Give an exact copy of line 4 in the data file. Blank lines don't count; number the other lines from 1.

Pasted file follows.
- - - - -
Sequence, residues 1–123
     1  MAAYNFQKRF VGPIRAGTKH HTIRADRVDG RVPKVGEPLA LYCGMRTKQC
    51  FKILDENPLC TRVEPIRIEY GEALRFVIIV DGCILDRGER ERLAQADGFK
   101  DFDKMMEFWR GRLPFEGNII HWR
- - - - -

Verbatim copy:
   101  DFDKMMEFWR GRLPFEGNII HWR